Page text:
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Monday, February 4, 2013

Spirit Bird

I have continued writing and developing the story that I outlined in my previous blog post. With the federal election announced for September 14, it is becoming a more and more relevant story to tell.

The night is still
My friend, the night is still.
I feel the cold in your despair
The night is long
My friend, the night is long
I feel hope suspended in the air.
The day is nigh
My friend, the day is nigh
Lay down your arms
Surrender, until daylight breaks the sky
The day is bright
My friend, the day is bright
Today is not the end
My friend, your heart will heal
And soon your tears…
Will run dry

The true soldier fights not because he hates what is in front of him, but because he loves what is behind him - G.K Chesterton


My good friend Kari once told me that in Aboriginal folklore, the Kookaburra’s laugh at the break of dawn was a signal to the sky spirits to light the great fire that would illuminate and warm the Earth for the day. It is believed that he is a messenger of the great spirits and as long as he laughs, there will always be a brand new day. Sometimes he is known as a spirit bird.

I have often found solace in this story when tough times have been upon us. Sometimes heartbreak and isolation would permeate every pore of my being. I’d sit in stark, brooding silence and wistfully remember the Australia I once knew, the Australia we all remembered. The one we grew up in had been fanciful and carefree. We were the lucky country; a land ‘abounding in nature’s gifts, of beauty, rich and rare’.

Then all at once it was gone. The only thing we could rely on was that every day the sun would rise. Kookaburra would guide us through the night and deliver daylight once again. He became more than our spirit bird. He was our symbol of hope.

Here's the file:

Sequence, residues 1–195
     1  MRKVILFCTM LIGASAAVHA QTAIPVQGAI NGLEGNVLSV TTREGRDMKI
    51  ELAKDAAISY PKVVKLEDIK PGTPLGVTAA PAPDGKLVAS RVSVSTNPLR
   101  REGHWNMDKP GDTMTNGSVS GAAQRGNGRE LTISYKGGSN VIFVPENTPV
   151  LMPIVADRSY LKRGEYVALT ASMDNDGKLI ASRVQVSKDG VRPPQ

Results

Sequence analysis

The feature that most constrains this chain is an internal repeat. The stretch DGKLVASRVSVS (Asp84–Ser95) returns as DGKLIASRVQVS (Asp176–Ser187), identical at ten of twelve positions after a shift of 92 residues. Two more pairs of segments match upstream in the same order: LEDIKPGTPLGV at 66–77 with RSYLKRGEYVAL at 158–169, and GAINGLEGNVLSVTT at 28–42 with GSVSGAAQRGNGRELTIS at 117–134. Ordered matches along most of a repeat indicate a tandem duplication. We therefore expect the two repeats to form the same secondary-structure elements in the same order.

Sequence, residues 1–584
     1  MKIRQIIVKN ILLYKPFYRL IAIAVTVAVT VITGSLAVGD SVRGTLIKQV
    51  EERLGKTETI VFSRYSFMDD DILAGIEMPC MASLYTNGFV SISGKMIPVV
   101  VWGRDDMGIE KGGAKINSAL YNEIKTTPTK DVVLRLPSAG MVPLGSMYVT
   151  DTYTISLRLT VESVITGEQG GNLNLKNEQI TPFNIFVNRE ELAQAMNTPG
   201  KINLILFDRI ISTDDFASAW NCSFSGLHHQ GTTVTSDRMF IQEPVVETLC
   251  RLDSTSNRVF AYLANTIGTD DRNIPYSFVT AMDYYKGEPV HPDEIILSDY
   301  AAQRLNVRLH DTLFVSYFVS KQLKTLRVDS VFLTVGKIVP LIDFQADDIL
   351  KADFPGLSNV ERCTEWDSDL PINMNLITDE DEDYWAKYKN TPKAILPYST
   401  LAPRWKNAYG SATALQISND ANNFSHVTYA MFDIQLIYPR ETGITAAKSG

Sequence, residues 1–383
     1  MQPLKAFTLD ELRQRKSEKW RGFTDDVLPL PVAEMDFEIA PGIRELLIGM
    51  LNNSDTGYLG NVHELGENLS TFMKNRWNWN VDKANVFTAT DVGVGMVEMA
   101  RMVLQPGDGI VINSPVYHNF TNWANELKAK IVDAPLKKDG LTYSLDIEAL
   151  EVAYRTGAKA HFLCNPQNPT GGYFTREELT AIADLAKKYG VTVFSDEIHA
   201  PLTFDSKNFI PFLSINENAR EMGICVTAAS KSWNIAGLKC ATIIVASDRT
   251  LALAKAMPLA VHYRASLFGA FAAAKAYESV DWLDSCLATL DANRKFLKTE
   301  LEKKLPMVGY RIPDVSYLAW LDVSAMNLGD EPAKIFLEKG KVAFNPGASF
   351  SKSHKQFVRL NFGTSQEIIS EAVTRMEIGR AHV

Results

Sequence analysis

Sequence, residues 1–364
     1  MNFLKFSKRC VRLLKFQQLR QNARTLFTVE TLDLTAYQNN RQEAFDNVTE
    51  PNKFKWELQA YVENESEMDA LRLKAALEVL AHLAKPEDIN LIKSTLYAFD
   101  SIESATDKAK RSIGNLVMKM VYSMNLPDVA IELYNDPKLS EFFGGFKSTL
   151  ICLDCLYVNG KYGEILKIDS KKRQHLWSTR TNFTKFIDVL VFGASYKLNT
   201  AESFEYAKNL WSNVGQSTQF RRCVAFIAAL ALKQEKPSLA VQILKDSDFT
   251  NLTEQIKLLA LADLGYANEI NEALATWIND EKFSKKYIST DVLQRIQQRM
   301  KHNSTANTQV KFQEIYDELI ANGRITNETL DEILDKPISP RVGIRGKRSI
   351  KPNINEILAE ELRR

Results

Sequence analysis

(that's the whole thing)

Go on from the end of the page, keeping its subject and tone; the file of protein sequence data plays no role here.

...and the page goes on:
It is nigh on impossible to be certain of a great many things in this world, and yet I can state without so much as a skerrick of doubt, that the year 2042 will be ensconced in my brain until both feet are firmly in my grave. I’m not often one for obnoxious, over-embellished tales of heroics and tragedy. Mine is one of cold hard facts; facts that still, years later, send a chill down my spine. It was the year my parents were killed and worse, the year when freedom was lost for so many of my fellow countrymen.

When I look back, I can almost pinpoint the very moment I realised things had begun to change. Until then I was a relatively normal kid really. Well, mostly. I was always the rebellious type, inclined to do things not ordinarily accepted just to go against the grain. I didn’t like to do what other people expected; my parents fought hard for my carefree, unbound life, and I intended to make the most of it. After escaping a life of terror, for them the town of Willoughby was something of a sanctuary. It was a place where they, and I, could be free of fear. That is, until it wasn’t.

In 2042 I was 15 years old and in year 9 at school. School life was typical. I’d catch the train at 8am and hang out with my friends at school until classes started at 8.45. When the bell went at 3pm, if we didn’t have other plans, every day my friends got on the DART - the Willoughby District Aerial Rapid Transit railway shot from one end of the city to the other in 15 minutes - and they’d disembark in their various suburbs and make their way home. Every day however, I opted to walk the eight kilometres to my house in the northern suburb of Miles Grove. It was a sometimes treacherous walk; one that my parents were always telling me was too dangerous. The crime rate had really shot up in recent years; muggings were frequent and so were break and enter robberies, even during the middle of the day.

“Zafar”, they’d beg, “you must not walk by yourself. You should take the train with your friends”.

Despite their pleas, I continued to walk. I lived for the adventure; it gave me a little rush of adrenaline knowing I was sort of living life on the edge. But more than that, I loved the liberating feeling of watching the world go by in my own little bubble. All the noises, big and small, from the drone of the traffic, to the rainbow lorikeets attacking berries and tropical fruit in the lush trees lining the street, were like the most wonderful symphony. It was almost hypnotic to listen. Little did I know I would relish the relative safety of those peaceful afternoon walks within a matter of months; they’d soon be swiftly and abruptly snatched from under my feet.